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Author:  Shawn Levy <[log in to unmask]>
Date:    12/10/94 10:27 AM
 
[Editor's note:  This message was submitted to SCREEN-L by the "Author" noted
above, and not by Jeremy Butler ([log in to unmask]).]
 
On Sat, 10 Dec 1994, Jeremy Butler wrote:
 
>  The thing
> that also annoys me about this show (and many many others) is the
> reification of angst.  Sure, often life sucks, especially from the
> perspective of an adolescent girl.  But none of the problems presented on
> this show (or most TV shows) are as significant as the treatment they are
> given.
 
I, apparently, like "My So-Called Life" better than Jajasoon -- de
gustibus &tc... -- but I'd nevertheless like to take issue with a few of
his points here.  Such as the 'reification of angst' argument.  It seems
to me that more than, say, soap operas, a genre to which "MSCL" has some
connections, the viewer is given a way around the angst of Angela,
especially, as well as Brian Krakow, Ricky and the other principal
teenagers.  Namely, there's an ironic distance between the narration, the
suffering, and the long, pained stares on the one hand and the events as the
audience can see them on the other.  That is, we can see that the kids are
overstating their cases as battered, bruised souls, and in the space between
their suffering and our ability to see what's really going on, we have...comedy.
 
> Contrast this to Roseanne, which deals with some pretty heavy
> issues (mental illness, child sexual abuse, domestic battering, poverty),
> but always retains a sense of fun about it.  Shit happens: people on
> Roseanne use their buoyant humor to survive it, while Angela et al attach
> the ball and chain of angst to sink them deeper into the sewage of their
> own creation.
 
Well, apart from the fact that it's been on for years and thus has had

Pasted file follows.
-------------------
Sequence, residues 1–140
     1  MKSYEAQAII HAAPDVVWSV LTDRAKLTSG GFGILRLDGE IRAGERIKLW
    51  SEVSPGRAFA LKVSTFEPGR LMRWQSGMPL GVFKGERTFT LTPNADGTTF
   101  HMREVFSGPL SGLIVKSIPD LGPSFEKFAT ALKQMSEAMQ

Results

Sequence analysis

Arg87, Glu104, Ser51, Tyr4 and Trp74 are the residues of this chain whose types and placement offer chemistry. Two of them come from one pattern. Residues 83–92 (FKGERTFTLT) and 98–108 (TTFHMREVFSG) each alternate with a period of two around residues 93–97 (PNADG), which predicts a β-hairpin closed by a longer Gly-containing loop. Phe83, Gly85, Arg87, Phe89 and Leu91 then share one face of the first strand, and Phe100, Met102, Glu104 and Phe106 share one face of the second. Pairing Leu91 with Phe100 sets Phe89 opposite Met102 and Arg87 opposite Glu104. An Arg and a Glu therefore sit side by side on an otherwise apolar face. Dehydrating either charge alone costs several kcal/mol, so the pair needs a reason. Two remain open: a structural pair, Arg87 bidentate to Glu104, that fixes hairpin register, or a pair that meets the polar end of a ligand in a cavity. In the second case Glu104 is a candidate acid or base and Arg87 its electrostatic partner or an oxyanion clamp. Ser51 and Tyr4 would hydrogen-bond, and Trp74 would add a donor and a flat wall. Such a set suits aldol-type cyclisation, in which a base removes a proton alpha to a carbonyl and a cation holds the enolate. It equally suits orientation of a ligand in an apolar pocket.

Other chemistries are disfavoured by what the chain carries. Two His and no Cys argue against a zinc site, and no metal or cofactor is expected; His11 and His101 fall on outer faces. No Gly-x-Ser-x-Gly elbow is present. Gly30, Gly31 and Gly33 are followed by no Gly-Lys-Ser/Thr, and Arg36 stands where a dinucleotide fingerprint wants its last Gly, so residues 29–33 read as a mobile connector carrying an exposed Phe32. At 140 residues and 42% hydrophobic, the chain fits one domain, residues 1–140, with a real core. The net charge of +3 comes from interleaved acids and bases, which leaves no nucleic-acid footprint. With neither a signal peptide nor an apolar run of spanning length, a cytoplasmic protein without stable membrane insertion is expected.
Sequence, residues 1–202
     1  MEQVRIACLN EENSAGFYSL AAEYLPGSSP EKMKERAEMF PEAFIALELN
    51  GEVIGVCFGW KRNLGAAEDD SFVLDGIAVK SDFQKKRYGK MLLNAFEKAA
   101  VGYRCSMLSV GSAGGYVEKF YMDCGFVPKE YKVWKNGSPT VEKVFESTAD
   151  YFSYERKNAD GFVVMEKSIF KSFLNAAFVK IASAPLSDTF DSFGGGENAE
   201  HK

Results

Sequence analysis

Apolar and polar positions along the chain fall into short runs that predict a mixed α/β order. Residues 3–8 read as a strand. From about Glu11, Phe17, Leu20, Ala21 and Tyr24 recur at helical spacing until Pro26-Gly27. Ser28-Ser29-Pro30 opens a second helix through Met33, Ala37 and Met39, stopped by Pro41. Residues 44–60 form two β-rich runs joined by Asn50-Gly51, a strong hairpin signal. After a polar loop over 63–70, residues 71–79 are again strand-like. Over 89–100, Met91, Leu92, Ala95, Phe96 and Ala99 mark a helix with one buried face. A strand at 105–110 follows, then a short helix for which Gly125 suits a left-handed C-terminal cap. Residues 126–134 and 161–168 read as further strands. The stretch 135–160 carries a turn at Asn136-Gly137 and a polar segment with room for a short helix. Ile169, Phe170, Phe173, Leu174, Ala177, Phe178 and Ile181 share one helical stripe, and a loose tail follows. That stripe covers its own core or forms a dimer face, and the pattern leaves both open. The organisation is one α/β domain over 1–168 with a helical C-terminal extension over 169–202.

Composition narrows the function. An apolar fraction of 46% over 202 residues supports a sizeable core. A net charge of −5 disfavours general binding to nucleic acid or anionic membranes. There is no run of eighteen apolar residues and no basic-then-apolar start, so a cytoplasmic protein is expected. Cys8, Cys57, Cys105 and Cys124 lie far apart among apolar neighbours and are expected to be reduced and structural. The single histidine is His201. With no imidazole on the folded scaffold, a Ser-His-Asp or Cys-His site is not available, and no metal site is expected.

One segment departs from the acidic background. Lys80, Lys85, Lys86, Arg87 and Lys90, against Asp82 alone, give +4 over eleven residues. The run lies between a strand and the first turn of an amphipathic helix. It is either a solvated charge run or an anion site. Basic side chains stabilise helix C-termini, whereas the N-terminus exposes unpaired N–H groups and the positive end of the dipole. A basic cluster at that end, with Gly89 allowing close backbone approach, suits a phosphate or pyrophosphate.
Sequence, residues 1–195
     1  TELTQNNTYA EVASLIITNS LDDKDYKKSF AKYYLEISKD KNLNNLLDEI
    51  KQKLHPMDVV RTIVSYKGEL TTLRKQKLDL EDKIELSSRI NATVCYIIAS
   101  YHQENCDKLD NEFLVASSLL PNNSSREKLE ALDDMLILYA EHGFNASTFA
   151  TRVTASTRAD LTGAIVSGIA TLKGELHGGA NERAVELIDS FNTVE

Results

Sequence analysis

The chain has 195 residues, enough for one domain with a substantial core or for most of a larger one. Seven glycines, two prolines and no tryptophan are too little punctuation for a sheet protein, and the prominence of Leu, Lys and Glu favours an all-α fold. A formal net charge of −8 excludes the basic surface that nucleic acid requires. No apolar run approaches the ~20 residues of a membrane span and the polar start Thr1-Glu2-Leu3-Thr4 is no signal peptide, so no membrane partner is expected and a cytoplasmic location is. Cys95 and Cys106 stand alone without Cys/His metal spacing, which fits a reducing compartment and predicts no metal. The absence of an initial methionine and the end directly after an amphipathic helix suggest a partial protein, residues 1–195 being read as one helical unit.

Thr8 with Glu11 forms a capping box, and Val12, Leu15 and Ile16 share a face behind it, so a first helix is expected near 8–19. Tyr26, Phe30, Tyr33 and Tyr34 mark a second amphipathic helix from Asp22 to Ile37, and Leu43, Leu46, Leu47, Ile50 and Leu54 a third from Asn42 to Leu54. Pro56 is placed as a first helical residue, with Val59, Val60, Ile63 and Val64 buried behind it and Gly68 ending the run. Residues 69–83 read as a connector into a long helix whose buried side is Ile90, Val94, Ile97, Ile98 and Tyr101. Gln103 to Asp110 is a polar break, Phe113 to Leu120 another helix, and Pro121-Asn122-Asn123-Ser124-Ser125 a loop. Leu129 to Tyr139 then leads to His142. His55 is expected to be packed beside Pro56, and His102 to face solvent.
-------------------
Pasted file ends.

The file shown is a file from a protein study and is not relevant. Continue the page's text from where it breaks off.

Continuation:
the chance to touch on a great many disparate topics (if "MSCL" had
handled all of the parentheticals you attribute to "Roseanne" in its
first three months, you'd no doubt find it overwrought), "Roseanne" is a
sit-com.  If people didn't "survive" on "buoyant humor" the show would be
off the air.  "MCSL" is a drama with a black-comic subtext; the laughs --
and I find them in almost every show -- come from the disparity between
the drama the teens are living and the comedy the audience can read into
the very same circumstances.  (The parents, however, are a pain in the
ass -- "fortysomethings" five hours west on the Pennsy Turnpike from the
Steadmans, etc.).  As for "sewage of their own creation," that seems to
me overdone but a stab in just the direction I'm suggesting the show is
really about, i.e., the ways in which we can turn things against
ourselves if that's what we want to do.
 
BTW, I thought the critical passage you quoted was extremely apt, but it
doesn't mitigate for me the show's chief strengths -- fine young actors
(Clare Danes as Angela is one of the few twentyish actors I know of who is
willing to let pauses and her own eyes carry meaning rather than writhe or
grimace -- cf Juliette Lewis, for goodness sake!), well-drawn
non-mainstream types (the gay teen, the smart but awkward kid, the
warmhearted slutish kid, etc. -- again, compare, say, "90210") and a
deliberate avoidance of contrived plots:  the best episodes, and I can
think of a half-dozen, are about almost nothing but gentle passings
between the principal characters.  In short, it's *better* than its
ancestor "thirtysomething" in many key regards (not that this is a
groundbreaking aesthetic accomplishment!).  I like the show very much
(obviously :-) ) and I'll be consequently saddened when ABC finally pulls
it (which, I've heard, could be as early as late-January :-( ).
 
all best,
 
                        | "And the days are not full enough
      Shawn Levy        |  And the nights are not full enough
  [log in to unmask]   |  And life slips by like a field mouse
   |                 Not shaking the grass."